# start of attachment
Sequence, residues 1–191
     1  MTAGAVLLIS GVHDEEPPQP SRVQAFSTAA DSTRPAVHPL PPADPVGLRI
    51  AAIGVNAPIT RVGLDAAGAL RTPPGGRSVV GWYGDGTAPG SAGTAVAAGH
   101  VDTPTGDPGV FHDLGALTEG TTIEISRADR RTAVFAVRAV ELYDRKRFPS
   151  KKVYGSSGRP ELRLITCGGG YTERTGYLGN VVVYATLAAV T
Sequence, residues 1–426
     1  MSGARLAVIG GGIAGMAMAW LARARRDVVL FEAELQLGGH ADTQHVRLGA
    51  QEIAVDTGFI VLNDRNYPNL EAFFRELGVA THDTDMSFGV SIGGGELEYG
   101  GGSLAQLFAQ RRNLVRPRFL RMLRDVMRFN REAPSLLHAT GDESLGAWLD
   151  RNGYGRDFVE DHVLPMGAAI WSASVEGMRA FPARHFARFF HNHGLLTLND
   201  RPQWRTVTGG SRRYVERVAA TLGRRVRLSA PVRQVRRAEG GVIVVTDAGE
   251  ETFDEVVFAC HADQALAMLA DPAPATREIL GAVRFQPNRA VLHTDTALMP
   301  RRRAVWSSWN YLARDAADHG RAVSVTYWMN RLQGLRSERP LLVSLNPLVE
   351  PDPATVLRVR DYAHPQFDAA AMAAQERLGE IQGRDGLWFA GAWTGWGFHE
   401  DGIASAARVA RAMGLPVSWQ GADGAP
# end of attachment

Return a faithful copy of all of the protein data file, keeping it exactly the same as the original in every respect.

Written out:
Sequence, residues 1–191
     1  MTAGAVLLIS GVHDEEPPQP SRVQAFSTAA DSTRPAVHPL PPADPVGLRI
    51  AAIGVNAPIT RVGLDAAGAL RTPPGGRSVV GWYGDGTAPG SAGTAVAAGH
   101  VDTPTGDPGV FHDLGALTEG TTIEISRADR RTAVFAVRAV ELYDRKRFPS
   151  KKVYGSSGRP ELRLITCGGG YTERTGYLGN VVVYATLAAV T
Sequence, residues 1–426
     1  MSGARLAVIG GGIAGMAMAW LARARRDVVL FEAELQLGGH ADTQHVRLGA
    51  QEIAVDTGFI VLNDRNYPNL EAFFRELGVA THDTDMSFGV SIGGGELEYG
   101  GGSLAQLFAQ RRNLVRPRFL RMLRDVMRFN REAPSLLHAT GDESLGAWLD
   151  RNGYGRDFVE DHVLPMGAAI WSASVEGMRA FPARHFARFF HNHGLLTLND
   201  RPQWRTVTGG SRRYVERVAA TLGRRVRLSA PVRQVRRAEG GVIVVTDAGE
   251  ETFDEVVFAC HADQALAMLA DPAPATREIL GAVRFQPNRA VLHTDTALMP
   301  RRRAVWSSWN YLARDAADHG RAVSVTYWMN RLQGLRSERP LLVSLNPLVE
   351  PDPATVLRVR DYAHPQFDAA AMAAQERLGE IQGRDGLWFA GAWTGWGFHE
   401  DGIASAARVA RAMGLPVSWQ GADGAP